Conference call with cinematic deity Hou Hsiao-Hsien

Director’s first film in eight years opens November 13

Hou Hsiao-Hsien
  • Hou Hsiao-Hsien


Assassin 5.0

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“He’s really just a regular dude,” said Eugene, the interpreter trying to calm my nerves while waiting for cinematic deity Hou Hsiao-Hsien (Millennium Mambo, Flight of the Red Balloon) to finish his cigarette and join the conference call.

“What do I call him?” I asked. “Dude Hou doesn’t exactly roll easily off my tongue. How about Master Hou?”

“Director Hou will be fine,” Eugene laughed. “And just so you know, he has a habit of answering in paragraphs.”

The Assassin — the story of a Ninth-Century Chinese executioner (Shu Qi) ordered to kill her former husband-to-be and the director’s first film in eight years — opens Friday exclusively at Landmark Hillcrest. Do not wait for home video! The rapturous beauty of Director Hou’s textured frames will no doubt take a hit on the small screen. If you have any interest in seeing the best picture of 2015, here’s your chance.

Scott Marks: Do you remember the first film your parents took you to see and would you speak of any favorite childhood memories of going to the movies?

The Assassin

Hou Hsiao-Hsien: I don’t remember exactly which movie I saw first, because I watched a lot of movies on my own. I remember watching my family taking us to see a horror film. My brother, who is four or five years younger than me, I remember after watching the movie — I’m fairly sure it was Frankenstein. We returned home that night. Back then we lived in a Japanese-style house. We would sleep on tatami mats, which is kind of like on the floor. I remember my brother being so frightened by the film that he woke up screaming in the middle of the night. (Laughing.) That’s a very vivid memory I have from my childhood.

SM: You have said in regard to your characters, “I am always on the side of women.” My research didn’t turn up much in the way of family life. What were your parents like and how big of an impact did your mother and sister have on your siding with women?

HHH: I remember — and this is important to give you a little background — when I was growing up, for a time my father worked in Taipei. Prior to coming to Taiwan and Mainland China, he was very well-educated and had very strong academic credentials. For example, when he came to Taiwan he had to serve at one point as the executive secretary to the Mayor of Taichung, a city in central Taiwan. He also worked in Taipei for a time. But because his health was not good, his body was very weak, so we had to move to the South to the Kaohsiung area where the climate and weather would be better for his body. Because of his health, he was not as busy as he used to be. I have vivid memories of him just sitting at home.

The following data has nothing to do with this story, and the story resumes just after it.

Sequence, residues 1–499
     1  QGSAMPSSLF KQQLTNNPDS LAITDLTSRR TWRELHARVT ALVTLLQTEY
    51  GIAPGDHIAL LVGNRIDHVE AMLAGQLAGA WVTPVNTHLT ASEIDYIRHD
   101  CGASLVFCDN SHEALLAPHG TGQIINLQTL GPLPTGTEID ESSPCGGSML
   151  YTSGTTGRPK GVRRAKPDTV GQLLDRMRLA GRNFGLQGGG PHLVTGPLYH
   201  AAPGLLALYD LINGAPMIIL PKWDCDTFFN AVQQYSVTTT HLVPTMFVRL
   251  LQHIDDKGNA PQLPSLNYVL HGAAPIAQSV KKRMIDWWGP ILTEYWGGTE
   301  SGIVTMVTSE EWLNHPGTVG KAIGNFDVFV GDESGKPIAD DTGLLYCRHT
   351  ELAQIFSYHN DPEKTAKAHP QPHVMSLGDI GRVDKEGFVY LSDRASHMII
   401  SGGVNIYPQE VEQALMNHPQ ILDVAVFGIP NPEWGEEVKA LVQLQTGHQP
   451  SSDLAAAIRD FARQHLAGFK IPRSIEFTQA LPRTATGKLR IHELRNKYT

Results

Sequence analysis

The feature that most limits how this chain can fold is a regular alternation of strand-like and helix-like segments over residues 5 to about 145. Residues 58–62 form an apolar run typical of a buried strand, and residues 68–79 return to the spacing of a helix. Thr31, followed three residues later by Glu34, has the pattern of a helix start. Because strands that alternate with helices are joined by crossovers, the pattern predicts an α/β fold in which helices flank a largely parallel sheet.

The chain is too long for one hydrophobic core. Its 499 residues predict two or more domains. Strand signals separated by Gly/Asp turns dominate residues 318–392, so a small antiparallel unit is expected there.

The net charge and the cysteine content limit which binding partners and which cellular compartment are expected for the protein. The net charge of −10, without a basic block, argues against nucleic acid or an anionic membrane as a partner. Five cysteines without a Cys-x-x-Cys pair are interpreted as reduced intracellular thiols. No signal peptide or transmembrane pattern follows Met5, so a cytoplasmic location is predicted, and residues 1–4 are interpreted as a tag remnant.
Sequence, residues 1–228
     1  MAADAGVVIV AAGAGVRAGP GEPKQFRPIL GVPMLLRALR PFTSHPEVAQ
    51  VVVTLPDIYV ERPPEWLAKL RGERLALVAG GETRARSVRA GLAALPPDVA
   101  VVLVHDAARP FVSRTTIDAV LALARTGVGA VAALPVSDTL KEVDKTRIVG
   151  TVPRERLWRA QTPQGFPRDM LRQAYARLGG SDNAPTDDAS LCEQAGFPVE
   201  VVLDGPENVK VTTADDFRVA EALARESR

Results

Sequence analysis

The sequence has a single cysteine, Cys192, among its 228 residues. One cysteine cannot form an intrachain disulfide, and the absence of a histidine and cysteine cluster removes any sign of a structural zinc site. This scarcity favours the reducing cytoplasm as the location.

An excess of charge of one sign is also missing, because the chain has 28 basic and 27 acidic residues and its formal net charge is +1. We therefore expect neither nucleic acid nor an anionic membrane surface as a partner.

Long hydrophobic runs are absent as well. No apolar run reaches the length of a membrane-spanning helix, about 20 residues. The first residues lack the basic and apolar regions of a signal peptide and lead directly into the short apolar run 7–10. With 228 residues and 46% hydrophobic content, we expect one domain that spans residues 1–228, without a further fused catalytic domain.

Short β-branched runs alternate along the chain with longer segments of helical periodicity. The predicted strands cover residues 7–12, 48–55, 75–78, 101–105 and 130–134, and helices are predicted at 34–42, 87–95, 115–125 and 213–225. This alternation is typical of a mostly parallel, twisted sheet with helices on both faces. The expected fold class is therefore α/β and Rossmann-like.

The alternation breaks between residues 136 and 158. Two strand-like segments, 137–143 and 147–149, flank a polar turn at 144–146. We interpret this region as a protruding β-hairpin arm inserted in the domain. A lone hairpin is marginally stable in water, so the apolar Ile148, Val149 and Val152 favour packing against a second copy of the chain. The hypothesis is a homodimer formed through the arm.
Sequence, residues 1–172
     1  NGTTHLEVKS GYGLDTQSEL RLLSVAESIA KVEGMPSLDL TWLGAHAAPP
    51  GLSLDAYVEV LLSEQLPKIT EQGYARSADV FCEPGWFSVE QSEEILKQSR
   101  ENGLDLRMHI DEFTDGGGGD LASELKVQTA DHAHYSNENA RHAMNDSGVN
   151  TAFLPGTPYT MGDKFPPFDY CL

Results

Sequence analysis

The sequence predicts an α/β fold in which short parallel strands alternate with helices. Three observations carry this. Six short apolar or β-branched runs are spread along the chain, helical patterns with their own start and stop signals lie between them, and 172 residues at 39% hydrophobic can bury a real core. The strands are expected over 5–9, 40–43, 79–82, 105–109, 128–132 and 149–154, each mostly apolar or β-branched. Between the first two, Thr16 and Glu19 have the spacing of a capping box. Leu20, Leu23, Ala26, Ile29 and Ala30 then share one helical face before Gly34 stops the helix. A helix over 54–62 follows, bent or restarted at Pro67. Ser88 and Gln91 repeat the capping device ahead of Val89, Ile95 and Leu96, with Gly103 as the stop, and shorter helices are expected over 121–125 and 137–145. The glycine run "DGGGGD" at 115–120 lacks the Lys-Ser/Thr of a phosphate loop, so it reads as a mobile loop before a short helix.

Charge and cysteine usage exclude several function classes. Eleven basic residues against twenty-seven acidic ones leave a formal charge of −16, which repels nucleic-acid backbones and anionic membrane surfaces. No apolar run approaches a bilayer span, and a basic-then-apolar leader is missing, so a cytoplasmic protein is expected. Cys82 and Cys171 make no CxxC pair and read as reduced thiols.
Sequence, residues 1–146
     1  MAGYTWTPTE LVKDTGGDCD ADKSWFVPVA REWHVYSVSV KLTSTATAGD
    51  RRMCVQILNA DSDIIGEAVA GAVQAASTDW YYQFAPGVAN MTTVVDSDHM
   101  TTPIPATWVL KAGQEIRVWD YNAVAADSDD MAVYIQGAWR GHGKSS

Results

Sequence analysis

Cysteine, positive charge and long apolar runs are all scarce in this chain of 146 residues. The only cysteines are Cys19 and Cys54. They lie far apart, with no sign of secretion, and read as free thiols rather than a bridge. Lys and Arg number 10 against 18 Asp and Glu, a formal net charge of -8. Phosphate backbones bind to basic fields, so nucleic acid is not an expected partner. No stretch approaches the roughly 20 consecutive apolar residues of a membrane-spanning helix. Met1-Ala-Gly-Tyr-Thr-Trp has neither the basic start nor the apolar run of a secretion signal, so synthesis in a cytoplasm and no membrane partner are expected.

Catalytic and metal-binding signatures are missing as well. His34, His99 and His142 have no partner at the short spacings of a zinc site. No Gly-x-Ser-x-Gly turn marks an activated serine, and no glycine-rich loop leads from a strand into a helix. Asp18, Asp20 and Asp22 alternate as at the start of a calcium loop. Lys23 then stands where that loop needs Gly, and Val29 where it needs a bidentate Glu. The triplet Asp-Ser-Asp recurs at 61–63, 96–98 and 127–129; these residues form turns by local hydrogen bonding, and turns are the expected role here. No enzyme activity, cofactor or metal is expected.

He was always kind of distant. Rarely talked. And what he did talk about wasn’t much. So my memory of him was a figure always far removed from me. Sort of a distant figure. He passed away upon my graduation from elementary school. Because he passed away so early my mother had a very decisive influence on me. My mother, to give you some background, was an elementary school teacher when she lived in China. After we moved to Taiwan she still worked as a school teacher. She was actually a very strict person. Very much a disciplinarian in that sense. After my father passed, the three most important and influential people in my life were my mother, my sister, and my grandma. We all lived together, so the fact that I was surrounded by these three women must have had some kind of an effect on me.

“Rain and Tears” by Aphrodite’s Child

SM: I’m not sure if it’s the period or the unyielding romanticism, but for whatever reason, I find myself drawn to the opening passage of Three Times and always wanted to know where you first heard “Rain and Tears” by Aphrodite’s Child and what it was about the song that made it a perfect fit for the sequence.

[At this point, Director Hou begins to hum “Smoke Gets in Your Eyes.”]

SM (Laughing): Not that one. The other song you used. (Eugene and I simultaneously break into a chorus of “Rain and Tears.”)

HHH (Laughing): Of course! I don’t recall where I heard it for the first time. I’ll tell you this as an anecdote, I was always into singing. Even as a child. When I was 13, the elementary schools in Taiwan taught you how to read the musical scales. At the time, I could pick up any songbook and just by looking at the musical notes I could sing any song that I came across. I was very interested in singing and very good at it.

Chang Chen and Shu Qi in Three Times.

Chang Chen and Shu Qi in Three Times.

When I was in middle school, I spent a lot of time shooting pool and hanging out in they type of environment that you see in the first section of Three Times. That’s something I did a lot of. I was also gambling. We listened to a lot of these songs while shooting pool. I must have heard the songs at the time either in a movie of from the pool hall. Both songs made a very strong impression on me. When I made Three Times, it was very natural for me to pick those songs. They made such a strong impression on me when I first heard them that it felt right for the scene.

SM: Was the film shot in chronological order? If so, was there ever a point while watching the dailies where you thought even for a brief moment of shooting the entire picture in black-and-white?

HHH: When we began shooting I had no idea we were going to use black-and-white. Very early on I actually considered using a Bolex camera to shoot the prologue.

SM (Laughing): A hand-cranked Bolex? That old 16mm warhorse of college film classes?

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